Richie Hughes' Strike

December 04, 1990

Once again, longshoremen clerks' leader Richard P. Hughes Jr. has precipitated a strike at Baltimore's port. This one poses enormous dangers for the regional and Maryland economies -- and for the majority of longshoremen in other union locals that disagree with Mr. Hughes' action.

State officials called Mr. Hughes' decision a pre-meditated move to win back for his clerks local No. 953 the jobs lost in the last round of talks. The fact that this could prompt a diversion of cargo to other ports, and the loss of countless jobs for dockworkers here, doesn't seem to have entered into his equation. It is a tragic situation.

It is also, as Gov. William Donald Schaefer put it, "outrageous." The outdated militant unionism espoused by one local leader has paralyzed the port. It is the primary reason Baltimore's longshoremen face a dismal future.

Until Richie Hughes' strike, a new, cooperative spirit between labor leaders, management and the state had taken root. Many sticky problems had been overcome; ultra-modern facilities had opened, and longshoremen were eagerly discussing flexible work rules and cost-saving steps to entice steamship lines into the Port of Baltimore.

Now, all that hard work -- and hundreds of millions of dollars invested by the state -- is imperiled. For dockworkers, Mr. Hughes is giving them the worst Christmas present of all: a senseless strike that jeopardizes their jobs at a time when jobs are hard to come by.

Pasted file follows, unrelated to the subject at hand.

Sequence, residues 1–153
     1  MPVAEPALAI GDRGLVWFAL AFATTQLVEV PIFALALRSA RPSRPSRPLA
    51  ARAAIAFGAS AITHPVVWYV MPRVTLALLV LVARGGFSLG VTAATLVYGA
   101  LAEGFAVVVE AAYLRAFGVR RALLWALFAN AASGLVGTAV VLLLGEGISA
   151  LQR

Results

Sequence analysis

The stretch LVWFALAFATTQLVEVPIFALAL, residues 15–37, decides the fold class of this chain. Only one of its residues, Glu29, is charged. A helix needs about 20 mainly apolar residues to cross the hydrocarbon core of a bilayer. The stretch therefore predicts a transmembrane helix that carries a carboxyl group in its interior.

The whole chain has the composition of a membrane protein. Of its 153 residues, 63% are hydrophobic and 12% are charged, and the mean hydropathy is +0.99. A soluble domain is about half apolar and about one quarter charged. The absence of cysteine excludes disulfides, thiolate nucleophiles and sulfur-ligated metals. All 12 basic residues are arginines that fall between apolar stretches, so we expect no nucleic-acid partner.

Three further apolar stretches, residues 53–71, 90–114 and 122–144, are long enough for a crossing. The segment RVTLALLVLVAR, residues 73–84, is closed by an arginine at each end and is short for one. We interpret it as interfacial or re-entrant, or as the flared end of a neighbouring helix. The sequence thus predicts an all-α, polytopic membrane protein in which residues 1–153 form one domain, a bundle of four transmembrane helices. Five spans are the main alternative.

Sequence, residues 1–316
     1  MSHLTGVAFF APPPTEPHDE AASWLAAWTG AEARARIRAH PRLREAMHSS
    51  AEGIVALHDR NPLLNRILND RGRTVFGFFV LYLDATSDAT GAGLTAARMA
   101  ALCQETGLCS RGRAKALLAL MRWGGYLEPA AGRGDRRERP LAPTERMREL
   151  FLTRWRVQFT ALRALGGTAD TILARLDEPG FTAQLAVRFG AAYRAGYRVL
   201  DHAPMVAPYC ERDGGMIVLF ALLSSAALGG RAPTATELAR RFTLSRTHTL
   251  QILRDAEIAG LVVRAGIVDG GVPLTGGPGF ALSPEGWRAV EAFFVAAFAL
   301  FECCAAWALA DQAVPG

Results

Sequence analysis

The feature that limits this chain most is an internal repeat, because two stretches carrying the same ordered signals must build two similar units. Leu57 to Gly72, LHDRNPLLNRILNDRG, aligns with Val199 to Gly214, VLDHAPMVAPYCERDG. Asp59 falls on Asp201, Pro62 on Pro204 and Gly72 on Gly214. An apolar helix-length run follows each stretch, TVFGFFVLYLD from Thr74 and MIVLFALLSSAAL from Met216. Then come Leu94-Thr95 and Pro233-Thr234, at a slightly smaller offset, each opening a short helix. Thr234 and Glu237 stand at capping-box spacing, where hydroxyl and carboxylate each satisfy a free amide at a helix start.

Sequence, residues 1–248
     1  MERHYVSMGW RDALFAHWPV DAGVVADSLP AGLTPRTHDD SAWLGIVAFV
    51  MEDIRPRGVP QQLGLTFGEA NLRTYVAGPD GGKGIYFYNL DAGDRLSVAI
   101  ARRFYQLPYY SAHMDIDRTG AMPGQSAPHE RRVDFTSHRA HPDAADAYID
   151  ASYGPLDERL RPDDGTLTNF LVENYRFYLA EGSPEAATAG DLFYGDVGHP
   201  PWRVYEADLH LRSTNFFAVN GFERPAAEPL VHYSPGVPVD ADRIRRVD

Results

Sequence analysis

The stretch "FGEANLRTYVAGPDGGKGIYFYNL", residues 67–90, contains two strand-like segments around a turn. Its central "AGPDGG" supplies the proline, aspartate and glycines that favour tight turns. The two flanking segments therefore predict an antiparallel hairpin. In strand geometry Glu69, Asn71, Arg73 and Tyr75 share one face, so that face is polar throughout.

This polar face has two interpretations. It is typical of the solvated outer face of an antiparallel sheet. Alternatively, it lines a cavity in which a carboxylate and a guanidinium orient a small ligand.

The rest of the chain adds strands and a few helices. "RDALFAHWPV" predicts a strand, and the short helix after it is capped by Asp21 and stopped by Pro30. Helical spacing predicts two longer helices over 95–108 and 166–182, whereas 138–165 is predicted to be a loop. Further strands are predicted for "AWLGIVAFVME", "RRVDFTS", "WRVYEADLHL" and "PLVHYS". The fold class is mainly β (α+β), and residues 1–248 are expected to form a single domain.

It will be up to other labor leaders to persuade Mr. Hughes that he has gone too far. For years, he has controlled longshoremen actions, though his small clerks local is far outnumbered by the four other locals. This one-man rule must end.

Mr. Hughes doesn't comprehend the new economic reality: the only way longshoremen can gain prosperity is by luring more cargo through reduced labor costs and flexible work rules. Norfolk's cooperative longshoremen recognize that fact. Their cargo business was up 130 percent in the past decade; Baltimore's sank 21 percent.

This devastating and unnecessary strike could have long-range, negative ramifications. It has to be terminated rapidly. Only Mr. Hughes' fellow longshoremen can do that. The fate of the Port of Baltimore rests in their hands.

This devastating and unnecessary strike could have long-range, negative ramifications. It has to be terminated rapidly. Only Mr. Hughes' fellow longshoremen can do that. The fate of the Port of Baltimore rests in their hands.

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